By Tererai Karimakwenda
SW Radio Africa
25 April 2014
The drama surrounding Zimbabwe’s so-called “salary-gate” scandals has intensified, with the Finance Minister welcoming any challenge to the recent government imposed salary cap as a chance to debate the issue in a public forum.
Finance Minister Patrick Chinamasa last month issued a directive limiting the executive salaries at state-linked institutions and local authorities to $6,000 per month. This was in response to growing public anger at reports that exposed the shocking mega salaries executives were earning, while ordinary workers went without wages for months.
However many companies and local authorities are reported to have defied the directive, claiming it violates the country’s labour laws and constitution. Other authorities reportedly said they had not received any official communication from government, and could not comply on the basis of news reports.
But speaking to journalists at a press briefing in Bulawayo Wednesday evening, Chinamasa said he welcomed any forthcoming legal challenges as an opportunity for all stakeholders to be honest.
“We will very much welcome anyone taking us to court because it will give us a clear public platform to discuss these issues. If it is me who has been misled, I will make the apologies, but we must be honest when discussing these issues; we have not been honest to each other,” the Minister is quoted as saying.
Chinamasa explained that the $6,000 cap was only an “interim measure” meant to stop the “hemorrhaging” of state-institutions, and remuneration audits would be done for each entity to determine how much they can afford to pay in salaries. The recommendations would then need to be adopted by cabinet.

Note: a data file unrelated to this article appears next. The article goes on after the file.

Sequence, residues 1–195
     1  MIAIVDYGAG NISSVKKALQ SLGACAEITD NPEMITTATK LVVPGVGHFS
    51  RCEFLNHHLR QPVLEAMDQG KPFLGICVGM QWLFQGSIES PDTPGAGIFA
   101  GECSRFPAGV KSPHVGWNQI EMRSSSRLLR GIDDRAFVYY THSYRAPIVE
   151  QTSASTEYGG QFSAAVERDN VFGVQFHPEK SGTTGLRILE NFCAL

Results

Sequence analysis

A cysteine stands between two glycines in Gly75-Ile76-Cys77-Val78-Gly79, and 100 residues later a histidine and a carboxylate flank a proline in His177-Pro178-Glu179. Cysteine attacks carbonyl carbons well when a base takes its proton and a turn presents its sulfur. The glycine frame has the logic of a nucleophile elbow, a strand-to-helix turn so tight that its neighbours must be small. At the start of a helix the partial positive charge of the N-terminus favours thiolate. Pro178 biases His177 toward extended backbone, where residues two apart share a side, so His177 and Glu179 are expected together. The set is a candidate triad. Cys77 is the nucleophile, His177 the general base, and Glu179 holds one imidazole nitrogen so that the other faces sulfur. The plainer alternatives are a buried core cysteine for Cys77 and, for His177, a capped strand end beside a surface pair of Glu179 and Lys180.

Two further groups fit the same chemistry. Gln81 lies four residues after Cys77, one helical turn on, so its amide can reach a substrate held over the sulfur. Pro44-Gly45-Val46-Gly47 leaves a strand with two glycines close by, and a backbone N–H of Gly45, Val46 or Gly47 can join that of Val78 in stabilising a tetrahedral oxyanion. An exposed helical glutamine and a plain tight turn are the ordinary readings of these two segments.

But the MDC-T shadow Minister for Local Government, Sesel Zvidzai, went further to describe executive salaries as “obscene” and “immoral”, insisting they have been used as a way to loot and rob the poor in the name of salaries.
Zvidzai told SW Radio Africa that according to the Urban Councils Act, only the Minister of Labour can adjust salaries of local authorities, not the Local Government Minister Ignatius Chombo who he said is the power behind local authorities.
“These obscene salaries have been signed off not by the Minister of Labour but by Minister Chombo, which makes them unlawful and therefore can be reversed. These senior staff at parastatals are hiding behind the law. Government has made a directive and it must be accepted,” Zvidzai explained.
He added that executives at public institutions cannot hide any information about their conditions of service or employment, and anyone trying to so is simply admitting guilt and are trying to hide some illegal activity from the public.
Suspended chief executive Cuthbert Dube, who became the salary-gate poster boy, had been earning as much as $240,000 per month as head of the Public Service Medical Aid Society (PSMAS) before he was exposed and fired.
Zvidzai agreed with some observers who view the salary cap as an attempt by government to appease public anger over the salary-gate revelations, without sincerely intending to fix the institutions.
Almost every major parastatal that Zimbabwe was once proud of, including Air Zimbabwe, the national broadcaster ZBC and National Railways of Zimbabwe (NRZ) has been brought to financial ruin due to corruption, mismanagement and looting by senior staff.